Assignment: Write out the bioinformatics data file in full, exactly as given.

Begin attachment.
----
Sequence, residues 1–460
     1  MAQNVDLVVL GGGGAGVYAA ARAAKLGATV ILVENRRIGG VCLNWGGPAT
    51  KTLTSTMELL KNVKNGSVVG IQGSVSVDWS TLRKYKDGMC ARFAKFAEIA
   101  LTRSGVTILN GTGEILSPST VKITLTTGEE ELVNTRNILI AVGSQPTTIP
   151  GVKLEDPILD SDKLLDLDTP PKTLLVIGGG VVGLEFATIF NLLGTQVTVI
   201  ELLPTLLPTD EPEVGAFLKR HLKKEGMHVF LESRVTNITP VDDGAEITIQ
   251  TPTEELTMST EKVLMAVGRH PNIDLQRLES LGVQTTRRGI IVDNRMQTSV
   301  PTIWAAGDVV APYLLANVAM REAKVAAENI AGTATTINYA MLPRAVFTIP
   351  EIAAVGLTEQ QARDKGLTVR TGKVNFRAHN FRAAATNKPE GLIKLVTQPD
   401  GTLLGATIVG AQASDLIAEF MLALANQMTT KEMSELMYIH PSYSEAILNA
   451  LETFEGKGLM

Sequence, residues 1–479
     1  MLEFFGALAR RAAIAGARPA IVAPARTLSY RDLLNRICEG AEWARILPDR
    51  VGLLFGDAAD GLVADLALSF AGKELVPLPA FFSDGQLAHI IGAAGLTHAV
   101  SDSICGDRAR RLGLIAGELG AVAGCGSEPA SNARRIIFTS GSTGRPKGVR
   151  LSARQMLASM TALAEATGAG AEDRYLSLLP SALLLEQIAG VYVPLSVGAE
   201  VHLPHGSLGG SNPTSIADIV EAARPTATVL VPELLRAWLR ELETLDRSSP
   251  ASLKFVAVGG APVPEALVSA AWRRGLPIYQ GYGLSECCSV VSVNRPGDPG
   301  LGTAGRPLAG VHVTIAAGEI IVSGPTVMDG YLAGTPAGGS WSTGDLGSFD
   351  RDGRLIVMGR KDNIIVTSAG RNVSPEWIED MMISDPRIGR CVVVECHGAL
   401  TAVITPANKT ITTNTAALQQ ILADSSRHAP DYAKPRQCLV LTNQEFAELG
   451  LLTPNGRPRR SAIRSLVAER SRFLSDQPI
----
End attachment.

Sequence, residues 1–460
     1  MAQNVDLVVL GGGGAGVYAA ARAAKLGATV ILVENRRIGG VCLNWGGPAT
    51  KTLTSTMELL KNVKNGSVVG IQGSVSVDWS TLRKYKDGMC ARFAKFAEIA
   101  LTRSGVTILN GTGEILSPST VKITLTTGEE ELVNTRNILI AVGSQPTTIP
   151  GVKLEDPILD SDKLLDLDTP PKTLLVIGGG VVGLEFATIF NLLGTQVTVI
   201  ELLPTLLPTD EPEVGAFLKR HLKKEGMHVF LESRVTNITP VDDGAEITIQ
   251  TPTEELTMST EKVLMAVGRH PNIDLQRLES LGVQTTRRGI IVDNRMQTSV
   301  PTIWAAGDVV APYLLANVAM REAKVAAENI AGTATTINYA MLPRAVFTIP
   351  EIAAVGLTEQ QARDKGLTVR TGKVNFRAHN FRAAATNKPE GLIKLVTQPD
   401  GTLLGATIVG AQASDLIAEF MLALANQMTT KEMSELMYIH PSYSEAILNA
   451  LETFEGKGLM

Sequence, residues 1–479
     1  MLEFFGALAR RAAIAGARPA IVAPARTLSY RDLLNRICEG AEWARILPDR
    51  VGLLFGDAAD GLVADLALSF AGKELVPLPA FFSDGQLAHI IGAAGLTHAV
   101  SDSICGDRAR RLGLIAGELG AVAGCGSEPA SNARRIIFTS GSTGRPKGVR
   151  LSARQMLASM TALAEATGAG AEDRYLSLLP SALLLEQIAG VYVPLSVGAE
   201  VHLPHGSLGG SNPTSIADIV EAARPTATVL VPELLRAWLR ELETLDRSSP
   251  ASLKFVAVGG APVPEALVSA AWRRGLPIYQ GYGLSECCSV VSVNRPGDPG
   301  LGTAGRPLAG VHVTIAAGEI IVSGPTVMDG YLAGTPAGGS WSTGDLGSFD
   351  RDGRLIVMGR KDNIIVTSAG RNVSPEWIED MMISDPRIGR CVVVECHGAL
   401  TAVITPANKT ITTNTAALQQ ILADSSRHAP DYAKPRQCLV LTNQEFAELG
   451  LLTPNGRPRR SAIRSLVAER SRFLSDQPI